By Alessio Pecorario, Vatican Dicastery for Promoting Integral Human Development
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Technology has created a new social order
In Pope Francis’s eyes, we need to challenge the presumption of technological neutrality (Laudato Si 160). When something becomes so powerful, so much so that it affects the entire life of humans and of the planet, it cannot be considered neutral.
This does not mean that we are victims of a technological fate – neither are we masters of a technological destiny. Human beings can, and must, always develop virtues with which to improve the relationship with nature (created by God), and with technology (created by themselves).
Technology’s effect on human development
When looking at how technology (particularly AI) affects human development, there is a need to further explore a number of areas:
Technology & power: technology is part of a systemic power, and technological progress fosters such a system, hence the power of those controlling technology (LS, 113), as it happens in the arms industry. Given that the ‘ironclad logic’ underpinning current technology also dominates current global politics and economics, it has become the ruler of the way we relate to each other and to nature, conditioning our lifestyles (LS, 107). Technology, therefore, instead of an instrument for the promotion of integral human development, becomes a false armour that prevents us from addressing the structural power issues that hinder integral development. For this reason, the Pope declares the need to look at things differently, technology included (LS, 111).
Technology & responsibility: Those who hold this increasing and overwhelming power over humanity and nature are not necessarily “trained to use power well” (LS, 105), and are not accountable for their decisions, especially at the international level. For example, some people who are writing algorithms that will condition and shape the way millions of people live (LS, 108) are not necessarily conscious of the consequences their work will/might have. In this regard, multilateralism has a role to play in governance of the proper use of technology.
Technology & justice: There is great inequality regarding access to technology and information. Although technological advancement helps to improve the lives of many living in poverty (e.g. mobile phones in Africa have helped people to have access to financial credit), it is still disproportionately benefiting those who are better off. This “digital divide” hinders basic development in our times in unprecedented ways. According to Catholic Social Teaching, “basic justice demands the establishment of minimum levels of participation in the life of the human community for all persons.”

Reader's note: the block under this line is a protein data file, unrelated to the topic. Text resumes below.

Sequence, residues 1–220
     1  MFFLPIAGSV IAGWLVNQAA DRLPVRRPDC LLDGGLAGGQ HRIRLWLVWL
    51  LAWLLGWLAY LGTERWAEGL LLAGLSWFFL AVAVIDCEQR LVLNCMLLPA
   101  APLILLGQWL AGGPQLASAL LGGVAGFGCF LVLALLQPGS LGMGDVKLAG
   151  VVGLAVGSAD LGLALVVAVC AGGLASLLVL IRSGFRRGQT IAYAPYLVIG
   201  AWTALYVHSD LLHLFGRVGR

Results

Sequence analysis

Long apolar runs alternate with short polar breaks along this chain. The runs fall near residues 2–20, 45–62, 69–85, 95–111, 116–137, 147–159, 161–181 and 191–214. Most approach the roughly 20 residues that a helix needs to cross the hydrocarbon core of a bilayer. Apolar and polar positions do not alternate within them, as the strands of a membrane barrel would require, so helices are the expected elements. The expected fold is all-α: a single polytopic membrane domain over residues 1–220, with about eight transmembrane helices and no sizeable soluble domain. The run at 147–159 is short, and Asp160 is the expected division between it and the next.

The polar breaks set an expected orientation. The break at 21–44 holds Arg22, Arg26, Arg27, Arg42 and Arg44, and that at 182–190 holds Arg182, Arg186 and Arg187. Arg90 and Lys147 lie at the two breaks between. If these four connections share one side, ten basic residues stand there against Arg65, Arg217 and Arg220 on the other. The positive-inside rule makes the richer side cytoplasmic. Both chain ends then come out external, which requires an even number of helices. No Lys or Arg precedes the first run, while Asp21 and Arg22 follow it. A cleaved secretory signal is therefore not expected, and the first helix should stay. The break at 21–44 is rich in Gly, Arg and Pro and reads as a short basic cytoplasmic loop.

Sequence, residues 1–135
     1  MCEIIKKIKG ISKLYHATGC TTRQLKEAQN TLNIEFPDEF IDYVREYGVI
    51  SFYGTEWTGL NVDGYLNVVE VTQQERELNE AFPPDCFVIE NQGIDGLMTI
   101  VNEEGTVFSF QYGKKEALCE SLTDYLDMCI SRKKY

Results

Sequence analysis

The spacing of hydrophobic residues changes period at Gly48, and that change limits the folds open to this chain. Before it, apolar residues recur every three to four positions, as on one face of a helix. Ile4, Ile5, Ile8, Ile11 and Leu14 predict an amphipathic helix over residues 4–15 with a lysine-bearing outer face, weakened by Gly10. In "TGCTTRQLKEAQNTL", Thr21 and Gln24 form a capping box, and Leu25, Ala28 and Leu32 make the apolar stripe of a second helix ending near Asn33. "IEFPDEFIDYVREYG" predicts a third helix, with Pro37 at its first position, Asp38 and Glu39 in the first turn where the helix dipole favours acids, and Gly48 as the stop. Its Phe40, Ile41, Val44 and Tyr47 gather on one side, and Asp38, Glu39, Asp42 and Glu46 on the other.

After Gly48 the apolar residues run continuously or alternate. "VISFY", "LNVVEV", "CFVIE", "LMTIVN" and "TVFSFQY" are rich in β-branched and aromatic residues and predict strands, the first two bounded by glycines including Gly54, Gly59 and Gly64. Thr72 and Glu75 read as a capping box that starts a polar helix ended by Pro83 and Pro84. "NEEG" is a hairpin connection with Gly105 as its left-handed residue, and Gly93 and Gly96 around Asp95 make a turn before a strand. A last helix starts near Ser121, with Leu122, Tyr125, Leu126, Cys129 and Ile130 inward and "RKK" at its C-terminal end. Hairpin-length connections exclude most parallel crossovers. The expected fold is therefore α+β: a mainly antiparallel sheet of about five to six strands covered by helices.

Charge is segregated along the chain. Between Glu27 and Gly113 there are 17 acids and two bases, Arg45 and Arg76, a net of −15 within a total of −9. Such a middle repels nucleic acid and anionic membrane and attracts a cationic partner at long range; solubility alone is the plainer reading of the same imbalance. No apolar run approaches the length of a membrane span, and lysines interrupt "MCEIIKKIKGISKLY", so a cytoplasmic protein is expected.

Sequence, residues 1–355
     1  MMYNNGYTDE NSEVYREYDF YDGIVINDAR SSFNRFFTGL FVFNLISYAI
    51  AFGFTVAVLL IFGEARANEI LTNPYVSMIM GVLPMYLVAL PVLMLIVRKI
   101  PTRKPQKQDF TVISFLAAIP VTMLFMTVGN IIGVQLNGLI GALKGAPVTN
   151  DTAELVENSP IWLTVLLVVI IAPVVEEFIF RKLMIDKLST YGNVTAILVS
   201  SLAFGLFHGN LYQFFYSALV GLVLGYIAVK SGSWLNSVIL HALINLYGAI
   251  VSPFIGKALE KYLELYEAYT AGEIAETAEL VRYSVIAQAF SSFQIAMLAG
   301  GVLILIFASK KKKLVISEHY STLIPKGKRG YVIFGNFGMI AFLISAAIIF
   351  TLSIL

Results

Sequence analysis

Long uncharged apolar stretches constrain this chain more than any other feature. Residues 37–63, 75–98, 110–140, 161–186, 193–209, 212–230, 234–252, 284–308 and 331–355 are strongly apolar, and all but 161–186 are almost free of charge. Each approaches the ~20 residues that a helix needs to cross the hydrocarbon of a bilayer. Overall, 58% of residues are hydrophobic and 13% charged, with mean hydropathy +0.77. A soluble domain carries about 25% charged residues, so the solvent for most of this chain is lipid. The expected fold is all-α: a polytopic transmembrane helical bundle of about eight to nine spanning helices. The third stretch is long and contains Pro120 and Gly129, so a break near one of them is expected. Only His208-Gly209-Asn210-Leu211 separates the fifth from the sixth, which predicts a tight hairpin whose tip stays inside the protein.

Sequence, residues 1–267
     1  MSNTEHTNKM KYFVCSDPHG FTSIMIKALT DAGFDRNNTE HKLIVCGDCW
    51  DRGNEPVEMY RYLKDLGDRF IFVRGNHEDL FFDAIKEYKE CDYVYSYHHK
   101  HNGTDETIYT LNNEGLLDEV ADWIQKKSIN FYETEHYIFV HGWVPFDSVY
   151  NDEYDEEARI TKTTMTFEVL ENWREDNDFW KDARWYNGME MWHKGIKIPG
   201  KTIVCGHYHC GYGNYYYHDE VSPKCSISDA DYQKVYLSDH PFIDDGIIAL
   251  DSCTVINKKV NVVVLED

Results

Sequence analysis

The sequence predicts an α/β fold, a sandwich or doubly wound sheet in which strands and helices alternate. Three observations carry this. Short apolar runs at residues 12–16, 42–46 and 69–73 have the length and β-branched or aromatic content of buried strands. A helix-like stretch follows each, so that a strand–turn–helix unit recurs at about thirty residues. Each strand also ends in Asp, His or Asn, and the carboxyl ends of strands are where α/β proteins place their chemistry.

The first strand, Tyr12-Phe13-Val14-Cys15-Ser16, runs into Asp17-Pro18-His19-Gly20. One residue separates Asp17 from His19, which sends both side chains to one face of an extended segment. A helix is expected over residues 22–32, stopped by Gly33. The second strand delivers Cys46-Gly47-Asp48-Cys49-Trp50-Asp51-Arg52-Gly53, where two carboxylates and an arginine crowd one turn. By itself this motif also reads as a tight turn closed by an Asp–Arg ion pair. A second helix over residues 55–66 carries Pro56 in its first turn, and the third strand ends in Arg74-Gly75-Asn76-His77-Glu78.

Technology and peace: Likewise, there is an urgent need to address the pervasiveness of artificial intelligence in the area of defense, security, and weapons (killer robots, super-soldiers, autonomous weapons), by broadly defining new parameters of military equilibria no longer based on simple deterrence or security by military means. In-depth moral reflection on the risks and possibilities associated with scientific and technological advances is a priority for the Pope, so that international law and regulations governing them may concentrate on promoting integral human development and peace, rather than on progress as an end in itself.
According to Pope Francis, there is no techno-fix solution to social and environmental problems. We cannot just evaluate each technology for its ‘utility’ piecemeal, but we need to understand the technological paradigm.
In this sense, the ontological analysis of technology – and solutions to the ‘problem of technology’ – must be sought outside of the technological domain. In other words, technology cannot be evaluated merely through its technical abilities, or merely through its potential to increase human productivity, but more importantly, it should be evaluated by the way it influences human freedom and agency. In this evaluation in particular, the dialogue among faith communities has a lot to contribute.